As the summer break is drawing to a close it may have just occurred to some graduates that the ominous world of work lays ahead. Fear not engineering graduates, your skills are in demand and a well polished CV may be all that sits between you and your dream job. These are our top tips for getting you CV to the top of the pile.
Tailor your CV for every application
You’ve heard this before but it’s really important. Recruiters and HR people can spot a generic CV a mile off and unfortunately it just signals a lack of interest in the job. If you have a general engineering degree you should really highlight modules, projects or work experience that fits the role as you may be competing with mechanical, civil or aeronautical engineering grads. If you applying for a broad array of engineering roles you may end up with multiple, very different documents. Lots of engineers graduate with only a vague idea of the field they want to work in, some have a fifty year career mapped out. If you’re applying for a job that you are not too sure on, remember the competition may have designed their degree to fit this very role. You may get lucky but if you don’t tailor your CV don’t expect to even receive an acknowledgement of your application
Personal Statements for Engineering Graduates
We always recommend a short personal statement at the very beginning of your CV and this is where you can focus a tailored approach. It should be a short paragraph, 2 or 3 sentences, that outlines your skills, experience and motivations. It gives an immediate impression of you as both an engineer and as an individual. For jobs with huge application rates this paragraph may be the difference between the ‘looks interesting’ and ‘don’t bother’ piles. It sounds harsh but unfortunately it’s the reality in those really competitive roles. Focus on what you can offer in the specific job you’re applying for rather than blowing your own trumpet. If you’re going to dedicate your time to your CV, this is where you should focus your efforts. The rest is just stating the facts.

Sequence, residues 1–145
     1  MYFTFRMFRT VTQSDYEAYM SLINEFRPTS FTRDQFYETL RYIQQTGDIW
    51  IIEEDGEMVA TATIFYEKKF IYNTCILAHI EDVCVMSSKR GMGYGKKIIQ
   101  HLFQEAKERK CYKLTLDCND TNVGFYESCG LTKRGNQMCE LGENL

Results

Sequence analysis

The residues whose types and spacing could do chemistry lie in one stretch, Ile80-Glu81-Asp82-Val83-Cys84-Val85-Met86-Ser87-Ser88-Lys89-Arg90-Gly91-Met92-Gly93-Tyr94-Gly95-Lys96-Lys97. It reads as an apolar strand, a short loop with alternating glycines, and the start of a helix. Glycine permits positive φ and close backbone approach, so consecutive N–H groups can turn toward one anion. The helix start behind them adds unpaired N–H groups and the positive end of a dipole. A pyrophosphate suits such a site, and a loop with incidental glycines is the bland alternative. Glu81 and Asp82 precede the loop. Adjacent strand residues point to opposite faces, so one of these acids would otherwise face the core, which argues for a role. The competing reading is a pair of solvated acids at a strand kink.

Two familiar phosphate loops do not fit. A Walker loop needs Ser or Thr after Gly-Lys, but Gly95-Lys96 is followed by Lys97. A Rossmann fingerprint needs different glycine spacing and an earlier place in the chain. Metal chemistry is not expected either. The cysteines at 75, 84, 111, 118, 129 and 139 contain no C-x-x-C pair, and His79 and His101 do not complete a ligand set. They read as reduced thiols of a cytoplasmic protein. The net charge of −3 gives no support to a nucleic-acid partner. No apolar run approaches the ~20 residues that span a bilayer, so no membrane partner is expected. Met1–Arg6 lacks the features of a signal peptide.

The biggest problem with hiring engineering graduates is that clients complain that they have general skills and it’s difficult to recognise the potential. You need to differentiate yourself from everyone in your course, your year, your country. Don’t waste your time applying for roles that you don’t have the knowledge in. Focus on the roles that you fit and be specific about what you do. Detach yourself from your ego and get into the mind of the company. What do they want and how do you provide that? A broad statement like ‘I have a keen attention to detail and dedication to empirical findings’ means almost nothing in comparison with ‘during my placement with BAE systems I worked with a small team to analyse and provide effective solutions to….’. Don’t be afraid of adding testimonies from placement managers or even academic staff if appropriate.
Be Confident but not arrogant
As recruiters one of the biggest failings of engineering graduate CVs (not limited to graduates, but more prevalent in) is the extremes of confidence. A CV that comes across as arrogant suggests a lack of willingness to learn. If you trumpet your achievements as groundbreaking, you’re going to alienate hirers that need down-to-earth great engineers. There is always more to learn! On the other hand, if you pepper your CV with disclaimers e.g. “I would consider myself a better than average achiever”, “Although I achieved a first in my degree, I have much to learn and would appreciate considerable input into furthering my career,” you instil doubt. The best advice is to get a trusted (not family) contact to read your CV, dispassionately, and listen to what they say. You need to be genuine, confident and rational – that’s what is required of engineers. It’s almost impossible to do by yourself, so get advice.
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